Even though Mandy Moore and Britney Spears got their start in the music industry around the same time, the two have never actually met.
The This Is Us star revealed that tidbit, as well as more details about her early days in pop music in the late '90s and early 2000s, while on Jennifer Zaborowski's We Need to Talk About Britney podcast this week. During Mandy and Jennifer's hour-long chat, they talked about everything from Mandy's song "Candy," to the "leader" of the pop pack, Britney.
"We've never met each other. I've never met her," Mandy shared. "I think she's like the leader of the pack, she started it all. She was at the forefront of crushing the pop music scene, opening the door for everyone, men and women alike."
"She just sort of came out and started getting traction as I was making music," she continued. "She was out in the world so I guess absolutely her influence would be felt I think on anybody that was making music because she was so popular. It was instant. It felt like she came out like a bullet, right to the top."
Mandy was just 15 when she got her start in the music industry alongside Britney, Jessica Simpson and Christina Aguilera. So did she feel pressure to compete with the other girls?
"I knew once I had been signed and once I was aware of Britney and then Christina came out shortly thereafter, I knew I was my record label's answer to that," she explained. "So I was aware that that's what my record label was doing but I also knew that I couldn't compete in that sense. I'm not Britney, I'm not a great dancer. I don't have that same showmanship quality. That was never gonna be me."
"I've met Jessica Simpson and I think I've met Christina in passing but it would have been a long time ago," Mandy continued. "You have to understand though, somebody like Britney was so insulated from the outside world. Especially at the height of her mega-stardom. I feel like anywhere our paths would have crossed…she would have been kept in her own quarters in a way."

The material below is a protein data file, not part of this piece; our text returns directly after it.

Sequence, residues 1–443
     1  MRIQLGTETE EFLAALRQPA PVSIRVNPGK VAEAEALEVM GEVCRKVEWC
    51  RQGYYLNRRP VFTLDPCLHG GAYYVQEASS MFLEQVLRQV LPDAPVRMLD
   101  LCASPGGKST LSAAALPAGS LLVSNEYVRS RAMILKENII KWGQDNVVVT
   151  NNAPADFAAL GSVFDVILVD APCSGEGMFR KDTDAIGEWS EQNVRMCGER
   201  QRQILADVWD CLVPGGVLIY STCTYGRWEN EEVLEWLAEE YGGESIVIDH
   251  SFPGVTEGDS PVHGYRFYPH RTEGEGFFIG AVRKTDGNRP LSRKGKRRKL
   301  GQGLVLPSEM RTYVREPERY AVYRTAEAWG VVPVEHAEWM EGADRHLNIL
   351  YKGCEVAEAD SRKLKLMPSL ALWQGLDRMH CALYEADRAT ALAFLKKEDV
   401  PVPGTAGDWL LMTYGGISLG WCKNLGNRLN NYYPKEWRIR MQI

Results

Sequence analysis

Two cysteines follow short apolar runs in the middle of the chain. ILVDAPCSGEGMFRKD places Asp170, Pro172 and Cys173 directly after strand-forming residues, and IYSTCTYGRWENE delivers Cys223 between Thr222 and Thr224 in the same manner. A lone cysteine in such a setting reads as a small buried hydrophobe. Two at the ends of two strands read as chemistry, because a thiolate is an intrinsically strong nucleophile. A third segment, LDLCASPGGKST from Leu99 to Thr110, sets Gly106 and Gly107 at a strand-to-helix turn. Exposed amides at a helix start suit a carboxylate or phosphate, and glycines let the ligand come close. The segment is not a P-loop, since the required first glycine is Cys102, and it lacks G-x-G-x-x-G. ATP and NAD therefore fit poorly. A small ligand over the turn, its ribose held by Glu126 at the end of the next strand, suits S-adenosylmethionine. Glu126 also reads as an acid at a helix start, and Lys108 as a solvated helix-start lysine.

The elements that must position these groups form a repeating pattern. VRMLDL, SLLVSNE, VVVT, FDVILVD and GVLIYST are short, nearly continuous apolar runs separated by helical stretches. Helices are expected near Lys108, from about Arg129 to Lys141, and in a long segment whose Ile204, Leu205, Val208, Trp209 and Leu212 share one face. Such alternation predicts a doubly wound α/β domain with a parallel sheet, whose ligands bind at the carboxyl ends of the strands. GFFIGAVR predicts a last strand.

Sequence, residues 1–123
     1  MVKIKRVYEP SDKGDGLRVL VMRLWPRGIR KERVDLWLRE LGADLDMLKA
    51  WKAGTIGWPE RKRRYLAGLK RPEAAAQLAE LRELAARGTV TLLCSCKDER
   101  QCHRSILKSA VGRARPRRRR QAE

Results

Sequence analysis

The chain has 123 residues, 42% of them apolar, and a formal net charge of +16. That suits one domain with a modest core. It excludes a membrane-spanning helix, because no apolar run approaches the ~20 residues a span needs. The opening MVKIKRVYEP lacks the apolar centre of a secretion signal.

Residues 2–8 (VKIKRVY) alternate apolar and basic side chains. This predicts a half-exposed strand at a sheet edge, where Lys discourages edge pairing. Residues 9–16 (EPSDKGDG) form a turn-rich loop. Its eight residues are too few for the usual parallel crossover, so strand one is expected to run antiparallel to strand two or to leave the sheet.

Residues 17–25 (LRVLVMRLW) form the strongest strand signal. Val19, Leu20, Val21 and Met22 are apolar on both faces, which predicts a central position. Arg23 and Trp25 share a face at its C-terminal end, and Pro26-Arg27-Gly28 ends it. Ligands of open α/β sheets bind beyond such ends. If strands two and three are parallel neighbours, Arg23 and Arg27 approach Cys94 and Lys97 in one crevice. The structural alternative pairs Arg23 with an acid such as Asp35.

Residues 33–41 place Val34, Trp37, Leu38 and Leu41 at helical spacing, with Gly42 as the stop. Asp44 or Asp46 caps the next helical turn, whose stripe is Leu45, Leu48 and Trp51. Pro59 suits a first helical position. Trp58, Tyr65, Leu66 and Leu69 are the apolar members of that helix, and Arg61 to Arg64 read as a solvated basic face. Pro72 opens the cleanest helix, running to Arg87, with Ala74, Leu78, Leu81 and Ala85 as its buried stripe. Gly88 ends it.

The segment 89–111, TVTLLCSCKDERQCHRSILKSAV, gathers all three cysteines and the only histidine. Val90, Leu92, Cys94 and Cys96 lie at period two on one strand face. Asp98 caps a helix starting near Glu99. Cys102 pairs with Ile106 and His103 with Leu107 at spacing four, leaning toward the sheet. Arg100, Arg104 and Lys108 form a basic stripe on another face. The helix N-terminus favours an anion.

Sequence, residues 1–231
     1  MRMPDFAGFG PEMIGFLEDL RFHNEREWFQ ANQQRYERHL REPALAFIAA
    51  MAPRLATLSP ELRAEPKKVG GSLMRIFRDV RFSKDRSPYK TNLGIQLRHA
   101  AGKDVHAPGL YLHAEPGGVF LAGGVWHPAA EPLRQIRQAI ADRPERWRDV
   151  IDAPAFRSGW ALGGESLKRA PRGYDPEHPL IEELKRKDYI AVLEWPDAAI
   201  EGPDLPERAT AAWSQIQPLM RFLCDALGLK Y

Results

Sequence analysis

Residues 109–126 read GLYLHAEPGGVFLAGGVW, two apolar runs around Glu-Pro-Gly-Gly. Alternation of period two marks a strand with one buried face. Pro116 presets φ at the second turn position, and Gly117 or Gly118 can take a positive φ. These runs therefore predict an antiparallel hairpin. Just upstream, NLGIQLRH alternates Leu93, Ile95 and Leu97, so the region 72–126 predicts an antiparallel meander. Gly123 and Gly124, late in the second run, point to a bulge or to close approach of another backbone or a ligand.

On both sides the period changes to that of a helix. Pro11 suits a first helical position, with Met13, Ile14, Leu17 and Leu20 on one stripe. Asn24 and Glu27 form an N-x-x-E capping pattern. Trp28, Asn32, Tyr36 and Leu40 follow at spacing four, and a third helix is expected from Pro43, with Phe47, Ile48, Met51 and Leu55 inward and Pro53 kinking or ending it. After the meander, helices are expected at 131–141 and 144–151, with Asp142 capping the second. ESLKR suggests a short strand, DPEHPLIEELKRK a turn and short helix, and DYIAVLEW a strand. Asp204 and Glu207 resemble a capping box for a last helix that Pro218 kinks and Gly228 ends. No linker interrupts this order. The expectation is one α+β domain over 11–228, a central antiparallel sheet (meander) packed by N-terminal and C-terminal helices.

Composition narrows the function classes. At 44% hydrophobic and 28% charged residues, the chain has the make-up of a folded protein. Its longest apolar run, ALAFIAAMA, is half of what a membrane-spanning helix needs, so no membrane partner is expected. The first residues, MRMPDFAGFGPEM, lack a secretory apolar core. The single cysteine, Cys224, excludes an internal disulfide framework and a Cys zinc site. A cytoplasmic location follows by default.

Though she's never officially met Britney, Mandy feels for her and the level of attention and scrutiny she's received over the years.
"I can't imagine having the level and the degree of fame and adulation that she's had in her life feels so foreign to me, I can't begin to know what that's like," Mandy said. "For someone as talented and magnanimous as Britney to have gone through those trials and tribulations so publicly, you would not have a heart if you didn't feel for her."
"I've definitely had my share of turmoil in my personal life and I've just been lucky that it happened in a way that just skated under the radar or I've been able to sort of keep it behind closed doors. Sometimes you don't have that option," she continued. "It's so tough and I feel like it's tougher nowadays with just the onslaught of content that's created and generated through the course of a day. I can't imagine being a young person nowadays and going through what everyone legitimately has to go through in life. Like her breaking up with Justin [Timberlake]. Remember what gigantic news that was? Can you imagine if they were both on Instagram or in each other's stories? And then they weren't and that becomes part of the news article...It's just a weird world that we live in and I'm glad I was a teenager when I was."
Mandy's first major single "Candy" debuted in 1999, introducing her to the world of pop music. But did she know it would become a big hit? Not so much. Mandy shared that while the producers knew, she didn't love the song at first.
"I didn't like it. Breaking news. I didn't. I just...I didn't know pop music and I just...I was like, this is it?" Mandy said. "When you hear a song like 'I Want It That Way' or 'Baby One More Time' or something where there's such a sense of immediacy in terms of like, 'Oh, that's a hit song.' I feel like my taste in music has changed now but I can still recognize, I think as most people can, a first listen if you're tuned into the melodic structure of a song and blah, blah, blah..you can feel like, 'Oh this is a big huge hit.' But I didn't feel that way about 'Candy' and I don't think that I connected to it lyrically either. I was like, 'What the f--k does that mean, I'm missing you like candy?' Even as a 15-year-old, I was like, 'This is nonsensical.'"